church-building-professionalsIn the final part of our blog series on the eight principles of a successful church building project, our vice president of architecture, Philip Tipton, continues helping you get a sense of the many considerations that are essential for ensuring your finished project meets your community’s needs. In this installment, you’ll learn why it’s important to call on professionals to turn your vision into a practical, usable church building.

Why You Need Professionals with Church Architecture Experience

One of Philip’s favorite stories about the need for professionals with church experience is related to weight. You see, a church we worked with had found what they thought was the perfect commercial building to renovate for their needs. It was a two-story building on a slope, so the front of the building opened up on the second level. This was to be their worship space.

The problem was that the floor was structurally rated for a store, which means it had a weight rating of 40 pounds per square foot. However, the worship space, which had to be rated for “assembly use” in church architecture lingo, required a floor that could carry 100 pounds per square foot.

By the time we were called in to help them deal with this unforeseen issue, the building had already been purchased and the work was underway. All sorts of additional beams and structural welding had to be included—what Philip calls “structural gymnastics”—which also impacted the usability of the space on that lower level.

Why You Need to Talk with Experienced Professionals Now

This story also illustrates why it’s never—well, hardly ever!—too early to call in professionals. For example, we can offer feasibility studies if you’re trying to decide whether to move to a new space or not. Or we can create church designs and budgets for two scenarios that you’re considering, in order to help you see the pros and cons of each option before you make a commitment.

When you work with professionals who have experience designing and building churches, they’ll understand that your vision for ministry is driving your building priorities and ideas, so they can work with you to make sure that the final building turns your vision into reality.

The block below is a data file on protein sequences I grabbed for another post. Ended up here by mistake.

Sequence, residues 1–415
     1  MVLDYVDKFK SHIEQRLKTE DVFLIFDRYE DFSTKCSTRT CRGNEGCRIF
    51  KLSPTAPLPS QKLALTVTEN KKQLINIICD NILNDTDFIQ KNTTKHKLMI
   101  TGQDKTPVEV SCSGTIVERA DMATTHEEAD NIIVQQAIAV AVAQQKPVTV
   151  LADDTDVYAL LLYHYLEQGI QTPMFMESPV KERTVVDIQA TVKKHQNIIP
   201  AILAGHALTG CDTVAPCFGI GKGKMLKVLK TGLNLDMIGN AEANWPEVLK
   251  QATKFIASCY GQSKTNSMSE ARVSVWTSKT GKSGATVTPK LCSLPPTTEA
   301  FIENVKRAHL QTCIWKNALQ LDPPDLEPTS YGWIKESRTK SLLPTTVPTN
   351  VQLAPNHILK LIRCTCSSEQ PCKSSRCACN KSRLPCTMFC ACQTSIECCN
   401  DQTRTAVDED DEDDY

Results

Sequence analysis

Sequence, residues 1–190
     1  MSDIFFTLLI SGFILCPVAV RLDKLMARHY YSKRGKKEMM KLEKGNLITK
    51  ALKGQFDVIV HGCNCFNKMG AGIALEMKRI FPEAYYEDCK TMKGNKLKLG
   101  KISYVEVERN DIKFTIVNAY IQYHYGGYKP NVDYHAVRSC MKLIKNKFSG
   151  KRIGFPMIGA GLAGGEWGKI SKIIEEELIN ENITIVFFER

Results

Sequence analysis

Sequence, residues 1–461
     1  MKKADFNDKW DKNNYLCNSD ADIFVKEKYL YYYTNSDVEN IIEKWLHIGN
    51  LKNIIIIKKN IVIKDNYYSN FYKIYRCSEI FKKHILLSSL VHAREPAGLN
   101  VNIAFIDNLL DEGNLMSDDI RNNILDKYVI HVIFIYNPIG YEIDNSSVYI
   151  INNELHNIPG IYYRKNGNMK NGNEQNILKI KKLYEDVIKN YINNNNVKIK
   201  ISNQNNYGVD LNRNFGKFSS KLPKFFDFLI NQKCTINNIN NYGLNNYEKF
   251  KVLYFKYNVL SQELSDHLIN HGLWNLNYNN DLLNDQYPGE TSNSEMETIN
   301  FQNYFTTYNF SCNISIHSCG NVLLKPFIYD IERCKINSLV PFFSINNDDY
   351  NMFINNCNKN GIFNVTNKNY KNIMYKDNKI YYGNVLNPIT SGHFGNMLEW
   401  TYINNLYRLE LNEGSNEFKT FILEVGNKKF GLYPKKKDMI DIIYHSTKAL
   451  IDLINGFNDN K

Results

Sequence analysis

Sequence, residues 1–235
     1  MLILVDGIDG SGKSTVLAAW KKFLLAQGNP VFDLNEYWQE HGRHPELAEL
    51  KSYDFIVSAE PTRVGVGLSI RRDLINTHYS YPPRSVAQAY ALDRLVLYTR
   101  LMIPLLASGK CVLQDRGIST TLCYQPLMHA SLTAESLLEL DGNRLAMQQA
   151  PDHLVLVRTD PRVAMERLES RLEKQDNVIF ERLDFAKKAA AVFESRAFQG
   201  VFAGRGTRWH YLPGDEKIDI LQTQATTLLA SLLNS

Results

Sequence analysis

That said, it’s important you clearly understand your vision and communicate it as early as possible in the church design process.

Professionals also understand that your “perfect” church design will likely change during the course of the project. When we first begin meeting with clients, they often hand us drawings and say, “This is what we want.” While we’re happy to take those drawings into consideration, we’re much more interested in the bigger picture: creating a church building that supports their vision.

Why You Don’t Want to Be Exhausted on Opening Day

When you work with professionals who understand churches, it also means they understand that you’re working within a budget and that you might want to do some of the work yourself as a community, both to save money and to help your members “invest” emotionally in your project. We understand, and we’ve had churches that did some of the painting or other construction services when it made sense, and when it could be done in a timely and quality manner.

But it’s also really important not to tire out your church members working on the building. Everyone in the area is going to know that a new church is being built, and they’ll come visit—once—for the chance to take a look at what you’ve done.

This is what we call “opening day,” and it’s not the end of the construction phase so much as it is the beginning of living out your vision for ministry. If everyone’s exhausted and hasn’t planned how to welcome and connect with all those visitors, your church won’t make a good first impression and all that designing and building won’t mean anything.

So chances are it’ll be best to let the professionals do the church building work while you focus on preparing your leadership for opening day and beyond. You can also sign everyone up for our free i3 webinars (just visit our website)—that way they can get just as excited as you are about the possibilities of a new church!